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i enjoyed this article about differing views for keeping warm while you sleep. some people layer inside a sleeping bag, some go the bare minimum route, others in between. https://www.outsideonline.com/2271191/how-experts-layer-sleeping-bag
i agree with comments in the article that you need to think about keeping warm in the outdoors systemically. without adequate insulation below the bag, you will bleed a lot of heat. layering inside a bag depends on how warm or cold you sleep, how well-insulated your sleeping bag is, how much room you have inside the sleeping bag to layer without compressing the insulation, and what happens to moisture your body naturally emits while you sleep, particularly in the winter because that natural vapor you send out can freeze in the outer layers of your sleeping bag insulation, hurting loft and limiting the effectiveness of the insulation.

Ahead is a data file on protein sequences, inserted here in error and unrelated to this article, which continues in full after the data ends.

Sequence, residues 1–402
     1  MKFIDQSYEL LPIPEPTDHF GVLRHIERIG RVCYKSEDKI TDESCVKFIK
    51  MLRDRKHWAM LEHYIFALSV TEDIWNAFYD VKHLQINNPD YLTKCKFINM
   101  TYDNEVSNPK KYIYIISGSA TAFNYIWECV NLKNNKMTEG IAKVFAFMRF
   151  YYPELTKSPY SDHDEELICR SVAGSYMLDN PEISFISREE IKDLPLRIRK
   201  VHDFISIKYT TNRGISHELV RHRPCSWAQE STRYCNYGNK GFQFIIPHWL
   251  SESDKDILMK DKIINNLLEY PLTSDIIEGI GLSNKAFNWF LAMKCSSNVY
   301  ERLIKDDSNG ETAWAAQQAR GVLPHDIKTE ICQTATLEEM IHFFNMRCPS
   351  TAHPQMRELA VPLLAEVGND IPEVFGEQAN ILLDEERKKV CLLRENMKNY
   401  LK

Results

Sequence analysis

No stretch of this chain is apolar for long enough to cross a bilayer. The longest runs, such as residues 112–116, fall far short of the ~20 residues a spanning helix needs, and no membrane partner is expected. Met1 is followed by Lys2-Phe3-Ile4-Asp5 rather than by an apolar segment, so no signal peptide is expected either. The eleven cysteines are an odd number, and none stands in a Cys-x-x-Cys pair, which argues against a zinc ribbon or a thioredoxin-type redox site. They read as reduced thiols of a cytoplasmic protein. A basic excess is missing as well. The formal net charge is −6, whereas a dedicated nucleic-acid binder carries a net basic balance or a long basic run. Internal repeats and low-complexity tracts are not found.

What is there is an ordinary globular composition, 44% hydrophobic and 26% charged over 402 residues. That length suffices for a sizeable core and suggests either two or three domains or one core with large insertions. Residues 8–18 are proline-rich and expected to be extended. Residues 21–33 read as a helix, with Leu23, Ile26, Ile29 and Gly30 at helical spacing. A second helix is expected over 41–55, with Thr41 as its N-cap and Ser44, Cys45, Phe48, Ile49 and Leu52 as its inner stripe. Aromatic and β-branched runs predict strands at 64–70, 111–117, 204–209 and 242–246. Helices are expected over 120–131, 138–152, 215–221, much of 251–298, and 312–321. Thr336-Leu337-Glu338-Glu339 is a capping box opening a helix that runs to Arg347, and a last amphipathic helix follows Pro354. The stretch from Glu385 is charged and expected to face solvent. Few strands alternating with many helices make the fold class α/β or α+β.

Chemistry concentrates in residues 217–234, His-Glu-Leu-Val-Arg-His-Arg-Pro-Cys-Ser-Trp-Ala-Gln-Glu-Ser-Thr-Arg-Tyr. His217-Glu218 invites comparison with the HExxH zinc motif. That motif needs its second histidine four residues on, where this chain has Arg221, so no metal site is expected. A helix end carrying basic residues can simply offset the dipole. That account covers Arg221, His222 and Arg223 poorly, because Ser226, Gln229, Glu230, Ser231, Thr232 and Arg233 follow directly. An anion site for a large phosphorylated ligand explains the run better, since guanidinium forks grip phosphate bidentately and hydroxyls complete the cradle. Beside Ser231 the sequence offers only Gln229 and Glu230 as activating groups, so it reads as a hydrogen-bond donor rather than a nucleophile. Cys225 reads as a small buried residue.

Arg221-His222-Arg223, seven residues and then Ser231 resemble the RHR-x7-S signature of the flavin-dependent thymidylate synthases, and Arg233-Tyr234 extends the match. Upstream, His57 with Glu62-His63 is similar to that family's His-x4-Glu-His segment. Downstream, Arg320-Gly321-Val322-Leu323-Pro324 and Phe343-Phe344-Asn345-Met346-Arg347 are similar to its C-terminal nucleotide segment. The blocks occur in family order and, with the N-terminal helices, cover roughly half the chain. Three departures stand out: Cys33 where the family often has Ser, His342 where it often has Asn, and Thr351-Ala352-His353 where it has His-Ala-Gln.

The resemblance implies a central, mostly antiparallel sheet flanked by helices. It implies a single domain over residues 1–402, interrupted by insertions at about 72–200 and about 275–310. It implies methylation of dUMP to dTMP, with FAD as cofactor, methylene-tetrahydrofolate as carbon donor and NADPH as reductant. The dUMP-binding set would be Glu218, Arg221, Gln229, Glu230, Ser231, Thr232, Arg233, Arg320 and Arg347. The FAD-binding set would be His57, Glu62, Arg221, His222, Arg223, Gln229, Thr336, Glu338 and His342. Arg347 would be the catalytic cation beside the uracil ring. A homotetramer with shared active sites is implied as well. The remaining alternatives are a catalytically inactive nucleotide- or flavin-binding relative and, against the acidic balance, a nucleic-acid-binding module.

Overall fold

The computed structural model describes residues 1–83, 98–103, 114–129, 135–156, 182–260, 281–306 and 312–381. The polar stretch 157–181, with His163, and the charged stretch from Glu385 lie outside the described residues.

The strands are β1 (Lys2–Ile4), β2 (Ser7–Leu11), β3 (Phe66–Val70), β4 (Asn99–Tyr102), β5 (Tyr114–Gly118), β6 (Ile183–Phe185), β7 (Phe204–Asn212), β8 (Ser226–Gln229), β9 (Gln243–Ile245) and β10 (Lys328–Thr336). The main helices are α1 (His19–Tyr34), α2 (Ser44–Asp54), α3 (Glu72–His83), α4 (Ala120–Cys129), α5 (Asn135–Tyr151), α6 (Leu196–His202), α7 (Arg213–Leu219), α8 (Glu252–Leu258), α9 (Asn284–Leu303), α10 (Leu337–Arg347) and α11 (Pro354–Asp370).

it is very important to me to be able to lie inside a sleeping bag when i'm shopping, for these reasons. some bags (Valandre makes a few prime examples, like the shocking blue and bloody mary) are sized to be used in combination with a good down jacket, very roomy inside, leaving space for a lofty layer inside. others, you wear a down jacket in the bag & feel like an anaconda python just swallowed you - and if the insulation is compressed, you aren't going to feel as warm inside the bag.
i have been happy using both down and synthetic fill bags in the winter, been happy at 25 to 30 below in both. a good winter bag occupies an inordinate amount of space in a backpack regardless, but the main difference was that the synthetic fill bag was truly massive and harder to compress for storage. the synthetic was good to those low temperatures, in part, because it was quite roomy, so i would sleep in a down sweater or jacket to augment the bag. the down bag is fine but not nearly as roomy, so i generally sleep in that with a light base layer, socks and a beanie. when i was taking longer trips in the cold, i used a VBL liner, slept in a light base layer.